DEFINITIVE TREATY OF PEACE
Between the United States of America and his Britannic Majesty. (a)
Sept. 3, 1783.
In the name of the Most Holy and Undivided Trinity. It having pleased the Divine Providence to dispose the hearts of the most serene and most potent Prince George the Third, by the Grace of God King of Great-Britain, France and Ireland, Defender of the Faith, Duke of Brunswick and Lunebourg, Arch-Treasurer and Prince Elector of the Holy Roman Empire, &c. and of the UNITED STATES OF AMERICA, to forget all past misunderstandings and differences that have unhappily interrupted the good correspondence and friendship which they mutually wish to restore; and to establish such a beneficial and satisfactory intercourse between the two countries, upon the ground of reciprocal advantages and mutual convenience, as may promote and
(a) The decisions of the Courts of the United States in cases arising under the Definitive Treaty of Peace with Great Britain of September 3, 1783, have been:
The fifth article of the treaty of peace of 1783, between the United States and Great Britain, concluding with this clause: "And it is agreed, that all persons who have any interest in confiscated lands, either by debts, marriage settlements, or otherwise, shall meet with no lawful impediment in the prosecution of their just rights;" applies to those cases where an actual confiscation has taken place; and stipulates, that in such cases, the interest of all persons having a lien upon such lands shall be preserved. That clause of the treaty preserved the lien of a mortgage of confiscated lands, which, at the time of the treaty, remained unsold. Higgimtm v. Mein, 4 Cranch, 415; 2 Cond. Rep. 155.
The treaties with Great Britain, of 1783 and 1794, only provide for titles existing at the time those treaties were made, and not for titles subsequently acquired. Actual possession o property is not necessary to give the party the benefit of the treaty. Blight's Lessee v. Rochester, 7 Wheat. 535; 5 Cond. Rep. 335.
Where J. D., an alien and British subject, came into the United States subsequent to the treaty of 1783, and, before the treaty of 1794 was signed, died seised of lands, it was held that the title of his heirs to the land was not protected by the treaty of 1794. Ibid.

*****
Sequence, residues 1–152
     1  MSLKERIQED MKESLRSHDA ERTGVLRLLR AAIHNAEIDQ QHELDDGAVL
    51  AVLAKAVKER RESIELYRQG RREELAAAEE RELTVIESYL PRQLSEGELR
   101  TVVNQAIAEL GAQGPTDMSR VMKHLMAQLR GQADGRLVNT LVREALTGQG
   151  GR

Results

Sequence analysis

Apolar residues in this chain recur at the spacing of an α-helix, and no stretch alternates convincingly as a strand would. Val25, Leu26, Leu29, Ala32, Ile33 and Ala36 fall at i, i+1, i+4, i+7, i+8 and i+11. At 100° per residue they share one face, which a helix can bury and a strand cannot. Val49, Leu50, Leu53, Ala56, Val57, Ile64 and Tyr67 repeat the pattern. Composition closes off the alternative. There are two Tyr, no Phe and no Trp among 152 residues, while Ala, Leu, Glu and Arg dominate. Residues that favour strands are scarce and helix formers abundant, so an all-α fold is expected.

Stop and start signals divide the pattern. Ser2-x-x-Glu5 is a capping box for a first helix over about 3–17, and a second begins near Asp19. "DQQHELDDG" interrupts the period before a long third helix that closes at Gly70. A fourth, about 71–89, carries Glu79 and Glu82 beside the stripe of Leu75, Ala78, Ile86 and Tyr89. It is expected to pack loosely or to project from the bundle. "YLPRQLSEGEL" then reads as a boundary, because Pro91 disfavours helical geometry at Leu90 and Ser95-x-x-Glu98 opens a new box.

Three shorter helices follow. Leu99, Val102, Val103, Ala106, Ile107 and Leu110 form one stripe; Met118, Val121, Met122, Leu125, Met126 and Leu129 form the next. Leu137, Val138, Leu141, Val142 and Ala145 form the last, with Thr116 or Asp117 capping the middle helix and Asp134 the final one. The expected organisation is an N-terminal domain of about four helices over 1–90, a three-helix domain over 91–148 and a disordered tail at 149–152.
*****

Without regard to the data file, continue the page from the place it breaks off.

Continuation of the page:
Thomas Scott, a native of South Carolina, died in 1782, intestate, seised of land on James Island, having two daughters, Ann and Sarah, both born in South Carolina before the declaration of independence. Sarah married D. P. a citizen of South Carolina and died in 1802, entitled to one half of the estate. The British took possession of James Island and Charleston in February and May, 1780; and in 1781 Ann Scott married Joseph Shanks, a British officer; and at the evacuation of Charleston in 1782, she went to England with her husband, where she remained until her death in 1801. She left five children, born in England. They claimed the other moiety of the real estate of Thomas Scott, in right of their mother, under the ninth article of the treaty of peace between this country and Great Britain of the 19th of November, 1794. Held, that they were entitled to recover and hold the same. Shanks et al. v. Dupont et al. 3 Peters, 242.
All British born subjects, whose allegiance Great Britain has never renounced, ought, upon general principles of interpretation, to be held within the intent, as they certainly are within the words, of the treaty of 1794. Ibid. 250.
The treaty of 1783, acted upon the state of things as it existed at that period. It took the actual state of things as its basis. All those, whether natives or otherwise, who then adhered to the American states, were virtually absolved from all allegiance to the British crown; all those who then adhered to the British crown were deemed and held subjects of that crown. The treaty of peace was a treaty operating between states and the inhabitants thereof. Ibid. 274.
The several states which compose this Union, so far at least as regarded their municipal regulations, became entitled,from the time when they declared themselves independent, to all the rights and powers of sovereign states; and did not derive them from concessions of the British king. The treaty of peace contains a recognition of the independence of these states, not a grant of it. The laws of the several state governments, passed after the declaration of independence, were the laws of sovereign states, and as such were obligatory upon the people of each state. M’Ilvaine v. Coxe’s Lessee, 4 Cranch, 209; 2 Cond. Rep. 86.
The property of British corporations, in this country, is protected by the sixth article of the treaty of Peace of 1783, in the same manner as those of natural persons; and their title, thus protected, is confirmed by the ninth article of the treaty of 1794, so that it could not be forfeited by any intermediate legislative act, or other proceeding for the defect of alienage. The Society for Propagating the Gospel, &c. v. New Haven, 8 Wheat. 464; 5 Cond. Rep. 489. See also, post, p. 116, n. (80)